Next Notice: A new VAN will be issued if conditions change significantly or alert levels are modified. While a VAN is in effect, regularly scheduled updates are posted at
http://www.avo.alaska.edu

The Alaska Volcano Observatory is a cooperative program of the U.S. Geological Survey, the University of Alaska Fairbanks Geophysical Institute, and the Alaska Division of Geological and Geophysical Surveys.


(1) VOLCANO OBSERVATORY NOTICE FOR AVIATION (VONA)
(2) Issued:(20090715/2211Z)
(3) Volcano:Cleveland (CAVW# 1101-24-)
(4) Current Color Code:UNASSIGNED
(5) Previous Color Code:yellow
(6) Source:Alaska Volcano Observatory
(7) Notice Number:2009/A43
(8) Volcano Location:N 52 deg 49 min W 169 deg 56 min
(9) Area:Aleutians Alaska
(10) Summit Elevation:5676 ft (1730 m)
(11) Volcanic Activity Summary:AVO is lowering the aviation color code and volcano alert level to unassigned at Cleveland Volcano. AVO has observed no further activity at Cleveland since a small eruption occurred on June 25. The volcano has been mostly obscured by clouds since June 28, and there have been no reports of activity from nearby aircraft or boats in the region. It appears that the event on June 25 was brief and and no additional ash emissions have occurred since then.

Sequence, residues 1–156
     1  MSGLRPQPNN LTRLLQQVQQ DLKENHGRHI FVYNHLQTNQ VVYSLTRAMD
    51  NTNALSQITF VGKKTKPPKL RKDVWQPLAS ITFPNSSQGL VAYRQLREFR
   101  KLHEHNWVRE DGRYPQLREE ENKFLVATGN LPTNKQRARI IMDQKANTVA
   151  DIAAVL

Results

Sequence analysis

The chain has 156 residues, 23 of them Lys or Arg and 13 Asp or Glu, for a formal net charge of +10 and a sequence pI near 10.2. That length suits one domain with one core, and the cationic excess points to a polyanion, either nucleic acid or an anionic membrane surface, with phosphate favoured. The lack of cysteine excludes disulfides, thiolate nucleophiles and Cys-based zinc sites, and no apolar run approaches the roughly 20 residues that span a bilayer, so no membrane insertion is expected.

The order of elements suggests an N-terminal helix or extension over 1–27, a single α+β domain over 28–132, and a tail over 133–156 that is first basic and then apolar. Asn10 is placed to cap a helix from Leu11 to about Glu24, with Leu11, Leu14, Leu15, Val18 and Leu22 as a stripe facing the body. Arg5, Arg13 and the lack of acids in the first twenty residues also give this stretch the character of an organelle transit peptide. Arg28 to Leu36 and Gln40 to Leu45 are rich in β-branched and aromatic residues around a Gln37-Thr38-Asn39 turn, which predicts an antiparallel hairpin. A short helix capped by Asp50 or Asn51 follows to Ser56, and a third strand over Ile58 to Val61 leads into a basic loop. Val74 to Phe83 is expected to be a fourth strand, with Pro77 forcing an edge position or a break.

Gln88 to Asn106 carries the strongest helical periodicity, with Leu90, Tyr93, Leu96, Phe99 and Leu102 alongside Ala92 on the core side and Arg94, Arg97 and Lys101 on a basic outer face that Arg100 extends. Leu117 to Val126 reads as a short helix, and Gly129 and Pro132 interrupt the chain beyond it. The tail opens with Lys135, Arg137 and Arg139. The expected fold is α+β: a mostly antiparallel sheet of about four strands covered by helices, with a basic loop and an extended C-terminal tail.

(12) Volcanic cloud height:nil
(13) Other volcanic cloud information:nil
(14) Remarks:Cleveland Volcano is not monitored with seismic instruments and activity is detected primarily with satellite data. Alert levels are assigned on the basis of review and interpretation of this data. Because Cleveland Volcano is not monitored with seismic instruments, it receives the designation "unassigned" rather than "Green/Normal."

Cleveland Volcano forms the western half of Chuginadak Island, a remote and uninhabited island in the east central Aleutians. It is located about 75 km (45 mi.) west of the community of Nikolski, and 1500 km (940 mi.) southwest of Anchorage. The volcano's most recent significant eruption began in February, 2001 and it produced 3 explosive events that produced ash clouds as high as 12 km (39,000 ft) above sea level. The 2001 eruption also produced a rubbly lava flow and hot avalanche that reached the sea. The most recent minor ash emissions were observed in January and June 2009.